Mynydd Garn Fach

Sheep everywhere. Sleeping sheep, eating sheep, staring sheep (they’re the worst because they stare as if they know something we don’t). Some run away, some stand where they are and pee. Others (usually the same ones that stare) will approach us.

We left the car at the entrance to the Brynllefrith plantation (now more like the Brynllefrith tree since they chopped most of the forest down) and started off across Mynydd y Gwair. Despite recent rain, the mainly hot and dry weather had turned the normally marshy and unpleasant moorland into a more enjoyable terrain. It was easy to avoid they persistently lingering patches of mud.

The moor looked like a sheep plantation. Everywhere there were little blobs of white with hints of red, blue and green where paint had been applied to signify ownership. Some of them bleated but most of them had their heads down and were chomping away on the grass, oblivious to our passing. Rufus has long since lost interest in sheep and I wasn’t worried that he’d go off chasing them. My only concern was that we’d walk into a distracted sheep, which would panic, so as we got close to the preoccupied ones, I clapped my hands to announce our presence.

Rufus took this to be a sign that he was due a biscuit and would stare longingly at me. Of course Rufus takes everything to be a sign that he is due a biscuit. A cough, me taking a photo, a leaf falling in the woods several miles away. All of these definitively indicate that a snack is imminent.

The last few times we’ve been here I’ve been heading for the river to get some waterfall photos but today I wanted to see how far we could go beyond the river, up onto Mynydd Garn Fach. The last time we were here it was just after my mate had died and I found a spoon on the walk. I ought to explain why that was significant.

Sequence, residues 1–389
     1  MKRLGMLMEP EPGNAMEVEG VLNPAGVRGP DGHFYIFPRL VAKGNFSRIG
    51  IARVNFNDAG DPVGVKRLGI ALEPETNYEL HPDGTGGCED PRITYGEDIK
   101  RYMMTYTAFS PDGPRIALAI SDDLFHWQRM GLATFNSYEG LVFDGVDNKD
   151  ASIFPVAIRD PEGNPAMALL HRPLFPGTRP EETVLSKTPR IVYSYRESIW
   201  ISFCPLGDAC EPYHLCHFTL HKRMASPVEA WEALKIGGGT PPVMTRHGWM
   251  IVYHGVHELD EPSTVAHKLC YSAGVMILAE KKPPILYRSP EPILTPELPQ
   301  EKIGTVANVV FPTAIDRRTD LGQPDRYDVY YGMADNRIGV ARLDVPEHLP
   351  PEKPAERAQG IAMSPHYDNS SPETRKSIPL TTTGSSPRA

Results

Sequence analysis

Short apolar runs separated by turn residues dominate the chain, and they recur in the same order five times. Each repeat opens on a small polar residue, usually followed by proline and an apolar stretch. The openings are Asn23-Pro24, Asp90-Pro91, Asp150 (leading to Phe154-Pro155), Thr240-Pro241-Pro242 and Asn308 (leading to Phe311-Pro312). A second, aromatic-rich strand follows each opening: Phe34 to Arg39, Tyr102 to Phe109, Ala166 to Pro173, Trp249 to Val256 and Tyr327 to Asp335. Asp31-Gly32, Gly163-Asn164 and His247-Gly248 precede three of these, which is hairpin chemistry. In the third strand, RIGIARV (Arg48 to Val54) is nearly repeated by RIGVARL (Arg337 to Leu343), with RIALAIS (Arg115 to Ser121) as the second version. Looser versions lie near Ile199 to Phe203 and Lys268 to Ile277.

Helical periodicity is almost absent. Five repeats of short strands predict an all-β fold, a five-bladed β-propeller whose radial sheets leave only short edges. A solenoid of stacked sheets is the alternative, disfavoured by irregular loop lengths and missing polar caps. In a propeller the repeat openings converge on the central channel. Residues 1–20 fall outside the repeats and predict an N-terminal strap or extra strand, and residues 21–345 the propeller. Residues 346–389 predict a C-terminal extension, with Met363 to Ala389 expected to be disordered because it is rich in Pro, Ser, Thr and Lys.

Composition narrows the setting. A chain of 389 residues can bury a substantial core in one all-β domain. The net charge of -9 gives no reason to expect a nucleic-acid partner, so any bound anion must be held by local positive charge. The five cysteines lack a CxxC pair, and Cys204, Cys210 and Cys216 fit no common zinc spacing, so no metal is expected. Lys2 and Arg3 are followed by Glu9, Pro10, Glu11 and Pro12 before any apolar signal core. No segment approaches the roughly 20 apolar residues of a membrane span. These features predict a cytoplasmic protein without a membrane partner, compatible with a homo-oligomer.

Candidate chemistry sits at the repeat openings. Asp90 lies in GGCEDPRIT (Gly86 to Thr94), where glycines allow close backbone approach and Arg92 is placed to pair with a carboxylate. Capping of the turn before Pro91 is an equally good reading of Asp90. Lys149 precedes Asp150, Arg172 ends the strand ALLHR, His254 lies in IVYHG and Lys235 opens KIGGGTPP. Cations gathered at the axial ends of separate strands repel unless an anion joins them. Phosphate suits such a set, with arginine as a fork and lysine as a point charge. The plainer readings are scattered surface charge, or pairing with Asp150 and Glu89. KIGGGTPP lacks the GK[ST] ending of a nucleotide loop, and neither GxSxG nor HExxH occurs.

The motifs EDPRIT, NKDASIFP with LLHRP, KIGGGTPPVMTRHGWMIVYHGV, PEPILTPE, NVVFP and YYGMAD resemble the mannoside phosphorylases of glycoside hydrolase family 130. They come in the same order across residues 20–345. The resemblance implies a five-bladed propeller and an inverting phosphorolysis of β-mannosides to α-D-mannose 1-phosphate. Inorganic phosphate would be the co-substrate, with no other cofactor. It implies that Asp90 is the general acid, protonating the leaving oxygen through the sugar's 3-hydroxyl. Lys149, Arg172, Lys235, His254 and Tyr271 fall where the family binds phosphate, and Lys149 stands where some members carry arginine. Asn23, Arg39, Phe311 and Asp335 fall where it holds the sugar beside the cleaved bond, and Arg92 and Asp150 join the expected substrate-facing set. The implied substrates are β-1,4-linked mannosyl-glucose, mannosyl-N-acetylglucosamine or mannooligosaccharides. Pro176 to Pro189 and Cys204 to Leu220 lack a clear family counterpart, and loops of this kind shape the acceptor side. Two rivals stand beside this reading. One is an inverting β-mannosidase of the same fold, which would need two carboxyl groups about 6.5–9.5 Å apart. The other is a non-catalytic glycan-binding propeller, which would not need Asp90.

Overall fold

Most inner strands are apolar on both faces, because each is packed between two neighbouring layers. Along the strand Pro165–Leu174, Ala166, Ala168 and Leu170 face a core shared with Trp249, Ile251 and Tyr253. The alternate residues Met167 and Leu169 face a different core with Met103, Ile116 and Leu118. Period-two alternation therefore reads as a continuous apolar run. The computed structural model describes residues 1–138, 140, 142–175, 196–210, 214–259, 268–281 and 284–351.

When I was in school with Simon, we created ‘spoonhenge’, a circle of dessert spoons. It took a few weeks of sneaking spoons out of the school canteen and was carefully hidden in the long grass that we knew wasn’t likely to be cut.

Fast forward to earlier this year, just after Simon’s funeral. I was out on Mynydd y Gwair with Rufus and we were off any normal paths. Imagine my surprise to find a dessert spoon exactly where you wouldn’t expect to find one. I took it as a sign. I’m not superstitious as a rule, but this was too much of a co-incidence. I picked it up and used it as foreground interest for some of my photos. In the end, we got to the Bronze Age cairn on the top of Mynydd Garn Fach and I thought it would be fitting to place the spoon in the cairn. Which I did.

Today, I decided that if Rufus was feeling up to it, we’d head up to the cairn. I needn’t have worried about my canine companion, as he was jogging all over the place and was showing no signs of tiredness. So we set off around the coal workings and up to the summit of the hill. The cairn was surrounded by sheep, of course. Some sleeping, some eating and some staring. But they cleared off for us and we spent a few minutes at the cairn, where I found the spoon I’d placed under the stones was still there.

Although losing Simon was sad I have plenty of found memories, most of which bring a smile to my face. I remember when we were starting the first band off, spending evenings in our local pub making plans for world domination. But the smile comes from recalling one evening when we’d had a disagreement in the pub. It wasn’t enough for one of us to storm out but we couldn’t let the argument go. It continued as we walked back to his house from the pub and sort of came to a conclusion outside in the street. Loudly. I don’t remember what we were arguing about but I think both of us would have agreed that if we felt strongly enough about something, it was right to argue.

After I’d replaced the spoon, Rufus and I turned around to make our way through the indifferent sheep back down the hill to the river, where stones were thrown and paddling was had and there was some very strange barking (I reminded Rufus that he was a spaniel not a terrier as some of the barking was distinctly ‘yappy’). Then we set off for the remains of the forest and the car.

On the way I started to collect some rubbish as part of the #2minutelitterpick and #2minutebeachclean I’ve been taking part in. Basically, you spend 2 minutes picking litter up when you’re out. It’s simple, straight forward and makes a difference. Today I managed to collect a lot of tin cans and plastic drinks bottles. They’re all recyclable and it’s such a shame that people can’t be bothered to take their rubbish home with them.

The irony was that we passed the remains of a car that had been dumped in the marshy ground near the forest. It’s been there for more than a year now and it is slowly disintegrating, with bits all over the place. It makes for an interesting photographic subject, but I’d rather it not be there.